You can print supports in PETG or print supports with dedicated support material. If you're using secondary support material, you'll need a printer that has a feature of dual extrusion printing or multi-material printing. A regular 3D printer doesn't support printing with secondary support material.
When you're using single extrusion printers, the model and the support are both printed with PETG. In this case, you can peel away the supports easily by hand. To make support removal even easier, you should print with a large z-axis gap between support and model as PETG sticks to itself more than it does to other materials.
If you're using another material for printing supports, you'll need soluble supports that dissolve in specific solvents. These soluble supports come in quite useful when you've got to print complex designs with superior undersides or finish, as there would be no need to remove them manually. You should have no z-axis gap when using soluble supports.
In some cases, the support may start to fuse with the model. In that case, you should decrease the printing temperature gradually by 5 degrees Celsius or increase the gap between support and model. If your supports are collapsing during the PETG printing on glass, increase the density of the support and print with a raft. This will improve adhesion and keep the supports from failing.
Removing the Print
You can remove your PETG print models from glass using a sharp scraper. You've got to make sure to remove the model from the glass when it's still hot. If you wait till the printing bed has cooled down, it can cause the glass to break. This is because the print might shrink faster than the glass plate. To prevent the glass from breaking, you should apply a layer of self-releasing adhesive so that removing the PETG model is quick and hassle-free.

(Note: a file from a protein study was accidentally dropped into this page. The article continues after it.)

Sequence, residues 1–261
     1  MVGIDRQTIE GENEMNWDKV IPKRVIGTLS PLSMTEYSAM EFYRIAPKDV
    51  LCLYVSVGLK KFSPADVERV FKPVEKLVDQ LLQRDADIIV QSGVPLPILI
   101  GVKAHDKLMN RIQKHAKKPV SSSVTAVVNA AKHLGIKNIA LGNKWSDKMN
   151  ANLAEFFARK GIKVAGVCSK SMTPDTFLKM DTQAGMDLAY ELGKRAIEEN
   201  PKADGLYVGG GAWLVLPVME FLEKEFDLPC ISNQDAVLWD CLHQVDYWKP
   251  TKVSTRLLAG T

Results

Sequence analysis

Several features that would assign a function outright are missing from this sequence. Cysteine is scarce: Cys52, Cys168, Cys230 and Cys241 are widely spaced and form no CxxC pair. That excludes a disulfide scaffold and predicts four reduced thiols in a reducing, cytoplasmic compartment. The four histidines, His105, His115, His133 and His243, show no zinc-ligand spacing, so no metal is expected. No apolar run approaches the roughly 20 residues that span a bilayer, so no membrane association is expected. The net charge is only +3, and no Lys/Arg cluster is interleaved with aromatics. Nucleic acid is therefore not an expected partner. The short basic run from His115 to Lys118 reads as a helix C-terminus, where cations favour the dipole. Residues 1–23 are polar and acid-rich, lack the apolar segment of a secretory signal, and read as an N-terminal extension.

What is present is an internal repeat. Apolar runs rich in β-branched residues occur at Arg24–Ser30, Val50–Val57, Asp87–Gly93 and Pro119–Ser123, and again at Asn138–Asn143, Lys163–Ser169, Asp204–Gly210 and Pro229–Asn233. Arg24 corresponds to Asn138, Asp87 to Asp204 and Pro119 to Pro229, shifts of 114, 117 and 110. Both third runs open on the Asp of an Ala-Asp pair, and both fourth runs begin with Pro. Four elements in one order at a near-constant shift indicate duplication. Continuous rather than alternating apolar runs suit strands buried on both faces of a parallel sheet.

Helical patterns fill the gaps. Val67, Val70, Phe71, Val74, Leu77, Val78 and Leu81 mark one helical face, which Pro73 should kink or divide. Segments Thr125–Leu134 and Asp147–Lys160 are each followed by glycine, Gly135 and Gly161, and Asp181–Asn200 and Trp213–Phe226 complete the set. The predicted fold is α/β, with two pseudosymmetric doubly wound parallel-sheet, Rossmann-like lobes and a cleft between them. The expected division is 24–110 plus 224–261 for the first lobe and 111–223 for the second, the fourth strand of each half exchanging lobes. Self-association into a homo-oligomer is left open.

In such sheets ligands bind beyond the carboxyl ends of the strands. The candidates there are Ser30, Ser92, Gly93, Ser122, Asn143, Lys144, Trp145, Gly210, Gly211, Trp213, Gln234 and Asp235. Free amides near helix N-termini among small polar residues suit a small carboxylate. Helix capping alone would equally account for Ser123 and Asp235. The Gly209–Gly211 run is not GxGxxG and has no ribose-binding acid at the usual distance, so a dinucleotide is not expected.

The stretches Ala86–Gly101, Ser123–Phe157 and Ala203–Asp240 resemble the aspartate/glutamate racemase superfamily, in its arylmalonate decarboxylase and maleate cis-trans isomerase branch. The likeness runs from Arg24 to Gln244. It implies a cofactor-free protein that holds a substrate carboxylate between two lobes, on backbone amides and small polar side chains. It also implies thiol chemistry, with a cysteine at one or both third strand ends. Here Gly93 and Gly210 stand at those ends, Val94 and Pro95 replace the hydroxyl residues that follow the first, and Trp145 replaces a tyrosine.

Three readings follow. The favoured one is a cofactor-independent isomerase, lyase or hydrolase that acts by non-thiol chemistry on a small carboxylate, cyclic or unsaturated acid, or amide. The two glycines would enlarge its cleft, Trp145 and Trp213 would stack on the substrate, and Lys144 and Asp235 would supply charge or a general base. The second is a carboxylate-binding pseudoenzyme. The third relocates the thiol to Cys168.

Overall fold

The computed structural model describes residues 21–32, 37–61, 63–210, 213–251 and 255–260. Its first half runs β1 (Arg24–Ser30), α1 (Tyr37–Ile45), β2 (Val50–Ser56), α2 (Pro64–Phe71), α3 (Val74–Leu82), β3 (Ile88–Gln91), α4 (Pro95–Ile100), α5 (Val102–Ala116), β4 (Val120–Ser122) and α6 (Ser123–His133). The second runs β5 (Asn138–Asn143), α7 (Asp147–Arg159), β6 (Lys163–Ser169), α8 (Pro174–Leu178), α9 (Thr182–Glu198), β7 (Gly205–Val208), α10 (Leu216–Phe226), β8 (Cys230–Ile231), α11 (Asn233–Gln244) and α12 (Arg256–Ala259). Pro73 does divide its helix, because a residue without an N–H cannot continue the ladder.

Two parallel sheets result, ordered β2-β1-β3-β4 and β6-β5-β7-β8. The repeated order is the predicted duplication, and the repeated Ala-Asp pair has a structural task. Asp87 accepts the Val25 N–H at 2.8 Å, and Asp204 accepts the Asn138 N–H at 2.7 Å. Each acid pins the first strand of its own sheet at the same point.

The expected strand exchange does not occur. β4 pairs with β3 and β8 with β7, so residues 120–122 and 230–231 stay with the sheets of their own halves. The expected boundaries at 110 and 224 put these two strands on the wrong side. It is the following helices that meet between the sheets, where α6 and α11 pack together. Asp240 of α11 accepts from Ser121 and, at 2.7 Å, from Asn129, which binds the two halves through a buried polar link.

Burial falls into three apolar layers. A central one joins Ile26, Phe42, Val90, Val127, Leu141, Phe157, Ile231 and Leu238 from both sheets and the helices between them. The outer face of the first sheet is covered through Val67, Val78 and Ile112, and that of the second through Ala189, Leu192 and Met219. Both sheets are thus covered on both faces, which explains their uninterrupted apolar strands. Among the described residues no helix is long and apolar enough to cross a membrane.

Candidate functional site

Helpful Tips When Printing with PETG
While PETG is more durable than PLA and ABS, it cracks more easily. However, if you follow the following tips, you can overcome all the challenges that come with PETG printing:
Adjust the Traction
As we mentioned earlier, PETG is prone to stringing and oozing. It's also quite tough, so the strings of molten PETG won't break after the completion of every motion. As a result, you'll notice an unsightly web of PETG on your 3D prints. You can prevent this from happening by adjusting the traction. Increase retraction speed, retraction distance, and travel speed. The simplest way to get rid of these webs is to use a heat gun.